Sidechain compression is a production technique which is probably most commonly associated with dance music, although it is also used more discretely in other genres, either way this process is a very useful technique to make specific instruments more definitive within a mix.
As you may be able to derive from the title, this technique involves the use of a compressor which is controlled by an external ‘side-chained’ key input signal. A similar approach was used in the ‘kick drum signal generator’ tutorial which is available HERE, although this tutorial will almost work in reverse to that.
It can be quite tricky to explain, but the basic principal is that the presence of one instrument will cause another to be turned down or ‘ducked’. Most noticeably heard in dance music production, the kick drum is used as the ‘key input’ or ‘sidchain’ signal to duck the keyboards and synths to give that pumping and pulse feel. Suffice to say it is easier to explain when heard…
Here is a sample of what a kick drum and synth sound like together normally.
And here is the same instruments with sidechain compression applied.
This tutorial will be based on a dance song although how this technique can be used in other genres will be explained.
For this tutorial we will be using two samples which are each one bar in length, one of which is a kick drum and the other is a synth.
First thing’s first – we will need to import both audio regions on to separate audio tracks within Pro Tools, the kick drum will require a mono audio track and synth will require a stereo track.
Setting Up The Sidechain
You will need to add a compressor onto the synth track which will control its level, any compression plug-in which offers a key input will be fine so for this tutorial we will use the standard in-built Pro Tools compressor.
The compression settings for this kind of production comes down to how it sounds after the kick drum signal is applied, so we will leave these for now.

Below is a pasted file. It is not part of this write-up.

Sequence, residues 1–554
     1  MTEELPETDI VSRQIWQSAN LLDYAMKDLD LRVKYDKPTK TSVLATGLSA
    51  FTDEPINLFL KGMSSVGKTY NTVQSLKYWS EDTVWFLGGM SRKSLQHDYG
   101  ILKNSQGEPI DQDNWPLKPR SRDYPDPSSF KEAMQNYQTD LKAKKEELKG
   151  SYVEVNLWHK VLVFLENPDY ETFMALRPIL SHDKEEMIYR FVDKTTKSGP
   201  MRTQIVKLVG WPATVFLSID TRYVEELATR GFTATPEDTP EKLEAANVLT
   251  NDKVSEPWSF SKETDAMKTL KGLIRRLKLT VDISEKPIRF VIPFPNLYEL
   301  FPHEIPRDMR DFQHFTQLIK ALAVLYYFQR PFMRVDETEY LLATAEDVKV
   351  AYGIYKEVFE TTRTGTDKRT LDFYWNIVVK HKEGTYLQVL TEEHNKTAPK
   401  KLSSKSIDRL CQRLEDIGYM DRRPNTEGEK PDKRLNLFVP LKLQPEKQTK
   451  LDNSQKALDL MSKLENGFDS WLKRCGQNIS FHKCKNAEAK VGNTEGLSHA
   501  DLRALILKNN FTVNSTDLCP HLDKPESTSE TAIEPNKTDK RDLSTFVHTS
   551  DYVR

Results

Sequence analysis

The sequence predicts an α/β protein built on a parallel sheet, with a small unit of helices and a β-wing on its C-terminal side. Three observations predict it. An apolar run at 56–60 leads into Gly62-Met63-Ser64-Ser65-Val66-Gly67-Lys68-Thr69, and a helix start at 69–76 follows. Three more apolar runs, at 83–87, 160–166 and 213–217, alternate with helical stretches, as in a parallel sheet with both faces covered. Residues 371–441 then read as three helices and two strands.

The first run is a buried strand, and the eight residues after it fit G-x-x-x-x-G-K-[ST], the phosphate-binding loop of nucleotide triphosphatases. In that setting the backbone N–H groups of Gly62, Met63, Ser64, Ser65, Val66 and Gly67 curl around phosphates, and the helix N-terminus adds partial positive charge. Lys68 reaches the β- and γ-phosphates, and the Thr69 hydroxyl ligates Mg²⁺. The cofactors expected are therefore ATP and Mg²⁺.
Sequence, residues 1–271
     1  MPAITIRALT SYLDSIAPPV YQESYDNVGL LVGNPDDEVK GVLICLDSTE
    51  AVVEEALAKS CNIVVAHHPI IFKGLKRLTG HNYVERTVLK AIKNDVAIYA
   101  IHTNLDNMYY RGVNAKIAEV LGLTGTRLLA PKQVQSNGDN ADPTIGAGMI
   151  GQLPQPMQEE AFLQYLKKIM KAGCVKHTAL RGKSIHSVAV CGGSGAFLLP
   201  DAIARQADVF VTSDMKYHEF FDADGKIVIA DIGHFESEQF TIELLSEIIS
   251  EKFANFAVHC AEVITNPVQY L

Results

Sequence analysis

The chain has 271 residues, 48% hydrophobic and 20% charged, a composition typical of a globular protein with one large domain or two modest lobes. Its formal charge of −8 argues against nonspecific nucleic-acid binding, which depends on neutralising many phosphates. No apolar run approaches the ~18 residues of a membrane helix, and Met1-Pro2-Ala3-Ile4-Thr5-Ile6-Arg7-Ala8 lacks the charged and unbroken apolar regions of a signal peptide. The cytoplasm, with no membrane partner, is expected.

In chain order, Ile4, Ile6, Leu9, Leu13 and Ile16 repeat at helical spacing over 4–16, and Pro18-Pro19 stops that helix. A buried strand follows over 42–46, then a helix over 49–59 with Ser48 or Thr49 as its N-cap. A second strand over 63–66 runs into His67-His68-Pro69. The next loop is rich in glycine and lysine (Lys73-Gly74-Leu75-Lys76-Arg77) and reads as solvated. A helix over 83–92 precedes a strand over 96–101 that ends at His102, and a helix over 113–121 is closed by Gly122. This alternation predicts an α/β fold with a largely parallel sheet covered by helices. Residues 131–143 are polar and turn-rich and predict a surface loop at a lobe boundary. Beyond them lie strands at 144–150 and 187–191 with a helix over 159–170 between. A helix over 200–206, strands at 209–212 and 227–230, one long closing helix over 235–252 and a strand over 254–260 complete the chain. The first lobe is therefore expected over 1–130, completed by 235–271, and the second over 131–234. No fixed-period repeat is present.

In the top left hand corner of the plug-in you will notice a small key symbol, this is where we will set our ‘key input’. After clicking the drop down menu you can choose a mono bus which is currently not in use, for this guide we will use the mono bus ‘bus 1.L’, you will also need to activate this input by clicking the tiny key symbol in the top right hand corner of the compressor plug-in as well. Nothing is currently being sent down this bus so we will need to set that up now.
On the kick drum track, simply apply a send to the channel matching the one on the compressor, in this case ‘Bus 1.L’. You will then be presented with a fader for that send, bring it up to unity (0dB) and we are good to go!
Quick Tip: Faders can be brought to unity level by Option_Clicking (mac) (Windows: ALT_Click) the fader.
You may already hear the effect begin to work, fine tuning the compression settings are the final step in the process to get that tight pulse feel.
Fine Tuning The Compressor
The first setting you will want to play around with is the threshold, just keep bringing it down slowly until you are happy with how hard the compressor is kicking in (the lower the threshold the more the synth will be ducked).
As this effect is very much time based, we will need to spend a bit of time tweaking the attack and release of the compressor to fit the tempo of our song, a fairly quick attack works best to make sure that the kick sound and ducking of the synth are in time, the release should be adjusted very slowly until the rhythm of the compressor is right. This again is fairly tricky to explain but the main aim when adjusting the release value is to have the level of the synth rise in time before the kick is heard again. You will notice as soon as you apply the effect that there is a rhythm produced, you should also notice how this rhythm is changed through the release value, simply adjust to taste and you should be left with something which sounds a little something like the second sound clip above.
Hopefully this tutorial has given you an idea of what sidechain compression is and how it can be used, this can be carried across all genres of music production and it is really up to your imagination as an engineer.
This technique could be applied to the kick drum and bass guitar of a rock song which are fighting over the low end frequencies.
Have fun and remember that there is never a danger in experimenting with this technique!
Hi! Thanks for all very useful and inspirational tips and tricks. I´m very greatful.